HPCwire: What’s your take on the global competition to achieve practical quantum computing and communications?

Peters: I think in general, it’s an important thing. Think about quantum [technology] in general; there are many, many countries that just can’t afford to fund a really broad portfolio of science projects. So many of them have decided, “Well, we’re going to invest in quantum because we think it’s a big deal.” We see this across the world; different countries are really focusing their science projects and programs in the quantum space. I think a lot of people think that quantum is going to be a key technology of the future. It’s going to be the kind of thing that 100 years from now is going to be all transparently underneath the way that we just live our lives and stuff will be operating and making our lives better.

HPCwire: Let’s jump into a quick overview of ORNL’s quantum networking research?

Peters: We have four projects (brief description at end of article) in quantum networking. One of those projects is an Early Career Award for one of our junior staff named Joe Lukens. We have three projects that are bigger projects, one of which is this quantum internet project. If you know much about optical networks, there’s a hierarchy and the very lowest layer is the physical layer – that’s where we’re transmitting photons on optical fibers. The quantum internet is going to look a lot like the classical internet in that you’re going to need all of the classical stuff you have out there today, but it might not be optimized the same way that it’s optimized today. What we focus on is the physical layer.

An innovative method for controlling single-photon emission for specific locations in 2D materials may offer a new path toward all-optical quantum computers and other quantum technologies. This image shows a false-color scanning electron micrograph of the array used to create place single-photon sources in epitaxial tungsten diselenide. Inset shows the Hanbury-Brown Twiss interferometry measurement proving quantum emission. Image Courtesy of Los Alamos National Laboratory.

Most of us are physicists that are working in this field, but we’ve got some computer scientists and electrical engineers working on it as well. Right now, just being able to create photons and measure them and transport them over fiber and manage that bandwidth of the entanglement is where much of our focus is. On the on the quantum internet project, our major partner is Los Alamos National Lab. They’re developing tunable sources of single photons using these carbon nanotube type technologies they’ve got. They can actually tune the wavelength of emission of these photons, which is important because typically what you’re trying to do with photons is to interfere them with each other. The type of interference you want is called Hong–Ou–Mandel interference, a really famous type of interference discovered decades ago.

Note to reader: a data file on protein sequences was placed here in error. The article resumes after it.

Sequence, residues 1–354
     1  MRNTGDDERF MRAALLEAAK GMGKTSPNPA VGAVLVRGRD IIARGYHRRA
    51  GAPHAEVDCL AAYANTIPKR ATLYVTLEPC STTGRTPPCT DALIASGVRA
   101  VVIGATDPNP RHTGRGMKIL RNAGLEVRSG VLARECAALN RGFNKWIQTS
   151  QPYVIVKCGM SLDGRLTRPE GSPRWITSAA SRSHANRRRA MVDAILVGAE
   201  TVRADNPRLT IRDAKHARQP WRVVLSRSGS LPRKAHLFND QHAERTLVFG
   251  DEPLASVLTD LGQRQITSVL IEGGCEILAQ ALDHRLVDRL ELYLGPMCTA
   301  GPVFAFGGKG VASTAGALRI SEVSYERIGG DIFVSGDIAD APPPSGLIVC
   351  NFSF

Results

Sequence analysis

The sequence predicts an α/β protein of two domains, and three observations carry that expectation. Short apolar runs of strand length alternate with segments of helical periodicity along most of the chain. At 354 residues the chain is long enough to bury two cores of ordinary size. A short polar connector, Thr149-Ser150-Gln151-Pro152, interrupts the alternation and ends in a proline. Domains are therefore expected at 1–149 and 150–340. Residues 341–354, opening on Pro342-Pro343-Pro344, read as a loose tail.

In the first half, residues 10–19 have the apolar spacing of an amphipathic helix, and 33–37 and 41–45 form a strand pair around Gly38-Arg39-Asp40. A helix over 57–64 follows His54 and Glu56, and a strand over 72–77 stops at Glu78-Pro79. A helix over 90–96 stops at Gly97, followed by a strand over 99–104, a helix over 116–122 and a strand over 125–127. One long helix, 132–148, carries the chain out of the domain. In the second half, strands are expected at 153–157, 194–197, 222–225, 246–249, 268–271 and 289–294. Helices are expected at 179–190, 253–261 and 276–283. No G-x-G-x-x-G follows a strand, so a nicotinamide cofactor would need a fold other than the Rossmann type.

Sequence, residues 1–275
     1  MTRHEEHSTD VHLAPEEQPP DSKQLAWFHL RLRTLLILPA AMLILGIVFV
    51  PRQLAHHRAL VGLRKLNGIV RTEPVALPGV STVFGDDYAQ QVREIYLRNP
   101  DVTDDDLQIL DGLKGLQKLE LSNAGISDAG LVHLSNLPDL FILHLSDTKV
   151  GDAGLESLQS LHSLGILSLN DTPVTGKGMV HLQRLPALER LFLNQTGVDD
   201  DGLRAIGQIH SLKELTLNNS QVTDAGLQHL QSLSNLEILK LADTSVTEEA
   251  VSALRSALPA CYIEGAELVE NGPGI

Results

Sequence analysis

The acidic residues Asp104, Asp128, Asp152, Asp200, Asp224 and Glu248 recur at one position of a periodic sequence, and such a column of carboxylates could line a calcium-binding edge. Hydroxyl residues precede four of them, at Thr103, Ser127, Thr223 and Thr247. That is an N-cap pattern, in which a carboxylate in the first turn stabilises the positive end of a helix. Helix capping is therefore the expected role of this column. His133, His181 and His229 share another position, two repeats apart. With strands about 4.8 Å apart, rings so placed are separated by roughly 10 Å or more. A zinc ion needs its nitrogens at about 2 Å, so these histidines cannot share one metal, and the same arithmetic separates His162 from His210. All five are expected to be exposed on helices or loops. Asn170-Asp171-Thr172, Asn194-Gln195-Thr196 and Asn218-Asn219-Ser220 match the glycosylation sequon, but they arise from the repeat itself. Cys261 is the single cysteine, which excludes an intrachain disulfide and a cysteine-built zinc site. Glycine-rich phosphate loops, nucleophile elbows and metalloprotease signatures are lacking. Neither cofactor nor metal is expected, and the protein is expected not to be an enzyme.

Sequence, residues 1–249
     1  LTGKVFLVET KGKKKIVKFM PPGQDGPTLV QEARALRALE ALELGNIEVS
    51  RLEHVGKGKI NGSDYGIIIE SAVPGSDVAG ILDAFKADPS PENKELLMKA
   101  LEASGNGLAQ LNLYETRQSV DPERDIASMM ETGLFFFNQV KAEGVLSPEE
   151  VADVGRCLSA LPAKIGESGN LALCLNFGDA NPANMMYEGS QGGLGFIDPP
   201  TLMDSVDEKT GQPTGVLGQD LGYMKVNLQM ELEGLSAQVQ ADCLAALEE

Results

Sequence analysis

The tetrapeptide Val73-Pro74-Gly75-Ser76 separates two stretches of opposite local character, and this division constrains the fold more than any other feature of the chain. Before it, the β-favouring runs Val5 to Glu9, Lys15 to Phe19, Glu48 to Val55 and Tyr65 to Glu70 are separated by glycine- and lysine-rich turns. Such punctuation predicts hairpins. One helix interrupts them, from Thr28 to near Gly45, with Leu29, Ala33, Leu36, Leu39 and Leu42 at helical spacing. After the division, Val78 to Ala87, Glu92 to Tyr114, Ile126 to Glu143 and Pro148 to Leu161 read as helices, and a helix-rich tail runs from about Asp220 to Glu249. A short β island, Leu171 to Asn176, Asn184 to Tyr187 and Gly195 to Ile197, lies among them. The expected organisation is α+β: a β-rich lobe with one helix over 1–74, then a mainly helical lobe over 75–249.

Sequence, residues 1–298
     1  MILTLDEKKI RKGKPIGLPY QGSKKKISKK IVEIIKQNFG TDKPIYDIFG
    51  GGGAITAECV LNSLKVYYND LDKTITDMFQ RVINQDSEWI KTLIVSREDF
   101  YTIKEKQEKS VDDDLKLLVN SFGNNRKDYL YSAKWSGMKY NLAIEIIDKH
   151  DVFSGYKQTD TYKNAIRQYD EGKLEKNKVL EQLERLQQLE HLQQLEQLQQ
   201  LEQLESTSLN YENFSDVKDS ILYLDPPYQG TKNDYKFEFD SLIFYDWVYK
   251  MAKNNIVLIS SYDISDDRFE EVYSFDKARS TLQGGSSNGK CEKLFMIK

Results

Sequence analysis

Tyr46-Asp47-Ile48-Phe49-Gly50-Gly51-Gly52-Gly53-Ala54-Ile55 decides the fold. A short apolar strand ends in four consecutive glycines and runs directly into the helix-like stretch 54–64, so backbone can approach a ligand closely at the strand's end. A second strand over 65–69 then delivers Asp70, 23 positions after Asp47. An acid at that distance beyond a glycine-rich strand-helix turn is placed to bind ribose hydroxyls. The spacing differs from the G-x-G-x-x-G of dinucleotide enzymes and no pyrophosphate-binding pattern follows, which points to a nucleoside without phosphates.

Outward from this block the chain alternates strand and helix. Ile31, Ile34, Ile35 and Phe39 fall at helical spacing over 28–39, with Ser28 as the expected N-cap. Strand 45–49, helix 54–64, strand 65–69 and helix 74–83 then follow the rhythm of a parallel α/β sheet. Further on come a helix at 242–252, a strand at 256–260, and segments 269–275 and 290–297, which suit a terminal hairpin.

HPCwire: I’ve heard of Hong–Ou–Mandel interference but don’t know much about. How is it useful in quantum communications?

Peters: [Using] Hong–Ou–Mandel interference allows you to do what is effectively a two-qubit quantum gate in linear optics. Photons naturally don’t interfere well with each other, which is good because you can send it down fiber, frequency multiplexed, and they don’t screw each other up. We have shown that you can do a complete gate-set of linear optical gates using the frequency degree of freedom [technology] that was invented at ORNL. Part of what we’re going to be doing is use that same frequency technology to do a management of the quantum signals and teleportation [i.e. quantum information sharing].

This linear optical teleportation and a two-qubit gate both use that same Hong–Ou–Mandell interference. We’re developing those [interfered photon] sources at Los Alamos. We’re also developing a special two-photon source at ORNL, which is based upon an earlier [work] that ORNL published over a decade ago, but…